He precludes a certain METHOD of profit generation, not the idea of profit.

Your response is like saying "We can't have pollution standards because saying you can't make profit by dumping strychnine in my drinking water is the same saying you can't make profit at all".

There is absolutely no free software problem with profit. There is a freedom problem with software that are sold in one PARTICULAR bad way because the harms that it causes to the public far outweigh the profit earned by the seller.

The only thing Stallman has ever done is point out the age-old lesson that if you don't force the medicine seller to tell you what's in his medicine most of it ends up being snake-oil.

about two weeks ago
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Stallman Does Slides -- and Brevity -- For TEDx

silentcoder Re:Where to draw the line (326 comments)

Stallman has only ever allowed for "use a proprietory application" in one sole exception case:
Where there is no viable free alternative.
However, if you believe in freedom - and use it under that condition, you need to also be contributing (in whatever way your particular skills and talents allow) to projects aiming to make a free alternative viable.

about two weeks ago
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Music Training's Cognitive Benefits Could Help "At-Risk" Students

silentcoder Re:Maybe, we just should not do SAME thing nationw (58 comments)

>Great example! Were you going to add, that Linus quit teaching, when he discovered a better programmer and OS-designer teaching in a classroom next door?

The scary thing is that you think that proves YOUR point when, in fact, it proves mine.

about two weeks ago
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Music Training's Cognitive Benefits Could Help "At-Risk" Students

silentcoder Re:Maybe, we just should not do SAME thing nationw (58 comments)

Small correction:
standardized testing GUARANTEES the highest degrees of cheating (including teacher-assisted cheating) and corruption of any form of student assessment.

about two weeks ago
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Music Training's Cognitive Benefits Could Help "At-Risk" Students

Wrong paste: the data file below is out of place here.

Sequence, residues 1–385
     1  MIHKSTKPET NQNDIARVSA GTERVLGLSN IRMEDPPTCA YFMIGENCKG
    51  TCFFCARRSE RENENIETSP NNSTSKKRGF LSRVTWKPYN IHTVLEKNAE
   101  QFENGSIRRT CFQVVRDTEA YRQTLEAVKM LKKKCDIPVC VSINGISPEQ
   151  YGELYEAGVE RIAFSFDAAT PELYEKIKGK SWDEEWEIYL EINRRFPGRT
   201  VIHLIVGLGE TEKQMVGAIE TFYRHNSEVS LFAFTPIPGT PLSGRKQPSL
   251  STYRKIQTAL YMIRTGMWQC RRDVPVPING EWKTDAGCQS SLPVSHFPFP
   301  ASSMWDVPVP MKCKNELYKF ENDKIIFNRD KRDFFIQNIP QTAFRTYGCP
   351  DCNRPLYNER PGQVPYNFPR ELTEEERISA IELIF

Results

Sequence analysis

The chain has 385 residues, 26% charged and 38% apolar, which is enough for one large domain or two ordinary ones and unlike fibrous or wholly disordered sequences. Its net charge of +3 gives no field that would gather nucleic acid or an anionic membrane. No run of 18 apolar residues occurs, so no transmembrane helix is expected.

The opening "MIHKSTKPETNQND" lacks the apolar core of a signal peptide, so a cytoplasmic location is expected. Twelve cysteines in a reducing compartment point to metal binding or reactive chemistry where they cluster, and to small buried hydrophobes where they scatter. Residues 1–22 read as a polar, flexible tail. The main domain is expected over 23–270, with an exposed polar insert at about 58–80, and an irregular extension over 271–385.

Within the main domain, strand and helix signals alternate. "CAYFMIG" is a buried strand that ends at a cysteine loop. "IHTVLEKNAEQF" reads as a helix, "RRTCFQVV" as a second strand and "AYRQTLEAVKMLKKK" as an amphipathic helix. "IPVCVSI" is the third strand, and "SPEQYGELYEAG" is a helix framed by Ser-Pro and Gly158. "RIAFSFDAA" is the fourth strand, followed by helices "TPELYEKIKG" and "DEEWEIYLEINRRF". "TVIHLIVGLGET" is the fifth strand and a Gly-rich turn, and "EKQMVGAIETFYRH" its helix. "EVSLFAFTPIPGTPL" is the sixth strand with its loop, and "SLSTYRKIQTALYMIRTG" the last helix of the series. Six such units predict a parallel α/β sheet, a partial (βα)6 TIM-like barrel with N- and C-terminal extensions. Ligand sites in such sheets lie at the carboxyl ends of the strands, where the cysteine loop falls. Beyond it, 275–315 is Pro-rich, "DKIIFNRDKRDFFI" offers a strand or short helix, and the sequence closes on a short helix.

silentcoder Re:Maybe, we just should not do SAME thing nationw (58 comments)

>No, I don't know a single Finn or Korean. And even if I did, one person's circle of acquaintances is not sufficient to make meaningful conclusions about the quality of school system in any of their countries

Are you allergic to thinking ? Nobody suggested that. Luckily we have these things called science and statistics which work well together and lots scientists and statisticians who make detailed studies of education - including how it compares around the world and what does and doesn't work well. We also have huge organisations like UNICEF which funds international studies of this nature. We don't have to GUESS who have the best school systems - we have FACTS.
Among the things these scientists compare is - how many students manage to get in to high quality tertiary education (what Americans would call Ivy League schools) - and how they perform there (the first year drop-out rate is one of the best measurements of the pre-university school system).

>Big deal. I graduated trilingual too (Ukrainian, Russian, English) â" and most of Europe does, I guess, out of necessity. I don't know, how well they write (in any language) or whether all the graduates can solve a quadratic equation. If you have any evidence, that Finns (or South Koreans) are, indeed, the best educated in the world, you should've offered citations two posts ago...

We were comparing with America, not Europe where multilingualism is common. As for citations - google -it this is an EXTREMELY well studied field and there is very high consensus because there is such a massive abundances of ways to measure outcomes and they have little to no dissagreement. I gave one example above, another would be the likelihood of somebody to find work straight out of high-school compared to a drop-out. The number of people who manage to get PHDs is another.